Being smart and interested is easy, fun and normal; everyone around you is motivated, too.
Learning is discussion-based, not lecture-based; intense conversation in the classroom makes the class exciting. You make connections and discoveries you never imagined.
Your teachers look for analysis, critical thinking, expressing ideas; they help you achieve these skills. You’ll develop your own point of view, and you’ll learn to respect others’ differing points of view.
You have your own advisor. One advisor counsels you and a small group of other students throughout your Milton years; guides your course selection; keeps in touch with your academic and social progress; is your family’s liaison to the School; and acts as your resource and advocate.
You’ll be prepared to take AP tests, even if the course is not labeled AP. In fact, many upper level courses are more challenging and rewarding than AP curricula.
Teachers are ready and willing to help you outside of class; students visit faculty in the dorms and call faculty at home for help.
Faculty get to know you well—who you are and what you care about; you’ll want to meet their high expectations of you.
Your courses are not limited to the texts; readings and discussions go beyond the textbooks, and teachers respond to what students are interested in.
Your art teachers are artists, in and outside of school; your music teachers are musicians; your English teachers are writers; your drama teachers are performers, set designers, and directors, and so forth. All your teachers are scholars in their fields, and they love to teach.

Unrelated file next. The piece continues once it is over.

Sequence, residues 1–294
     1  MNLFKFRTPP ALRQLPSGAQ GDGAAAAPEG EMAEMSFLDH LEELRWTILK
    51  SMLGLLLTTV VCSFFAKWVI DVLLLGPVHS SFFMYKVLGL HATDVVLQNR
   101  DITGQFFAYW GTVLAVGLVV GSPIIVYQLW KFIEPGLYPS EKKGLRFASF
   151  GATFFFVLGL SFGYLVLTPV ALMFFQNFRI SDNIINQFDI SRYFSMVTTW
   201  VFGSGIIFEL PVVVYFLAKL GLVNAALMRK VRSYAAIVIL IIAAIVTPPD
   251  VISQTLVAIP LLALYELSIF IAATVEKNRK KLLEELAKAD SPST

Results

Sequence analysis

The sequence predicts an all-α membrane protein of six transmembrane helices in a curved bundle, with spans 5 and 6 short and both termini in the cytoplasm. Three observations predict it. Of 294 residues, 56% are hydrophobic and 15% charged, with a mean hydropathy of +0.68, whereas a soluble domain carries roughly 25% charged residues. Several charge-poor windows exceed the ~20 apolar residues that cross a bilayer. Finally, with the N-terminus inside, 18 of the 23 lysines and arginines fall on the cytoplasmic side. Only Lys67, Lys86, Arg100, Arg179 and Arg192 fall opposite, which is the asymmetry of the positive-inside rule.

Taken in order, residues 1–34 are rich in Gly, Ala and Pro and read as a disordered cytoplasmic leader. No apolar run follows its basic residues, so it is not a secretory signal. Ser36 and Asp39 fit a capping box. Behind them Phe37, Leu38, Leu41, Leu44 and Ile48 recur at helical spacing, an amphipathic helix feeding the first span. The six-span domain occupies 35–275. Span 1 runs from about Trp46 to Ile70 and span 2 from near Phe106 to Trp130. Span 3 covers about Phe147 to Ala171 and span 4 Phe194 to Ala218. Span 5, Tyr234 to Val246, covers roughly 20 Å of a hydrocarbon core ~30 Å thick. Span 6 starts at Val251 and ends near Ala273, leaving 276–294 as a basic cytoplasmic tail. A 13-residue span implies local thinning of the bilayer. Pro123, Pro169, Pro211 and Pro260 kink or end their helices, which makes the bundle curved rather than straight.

Everyone here works hard, but they have a lot of fun, too. Students will tell you that they and their friends are really happy, and that life here is collaborative, not competitive.
Our proximity to Boston is a unique and important feature to our School. Only eight miles away, the city offers so many opportunities for fun and for learning.
You won’t just become prepared for college—you’ll develop the skills that help you become prepared for life.
Your learning is more about process than outcomes, more about balance than stress. (For example, you’re only allowed a certain number of major assignments due each week.)
You can be involved in a lot of different activities here. Many students try something new that they’ve never done before, and that’s encouraged. Or, you can take the thing you love to the max.
You’re given a lot of unstructured time (increasingly so, as you get older), but you also have a lot of support. Your friends, the upperclassmen in your dorm, your peers, and your teachers want to help you.
We’re a big school, but with a small feel. Your classrooms have about 14 students in them. Everyone is part of the action.
Options are plentiful, and choices are important. Students run their lives and their days according to what they like to do. You’ll go to class, but then you’ll choose your afternoon activities, and spend that time the way you want to.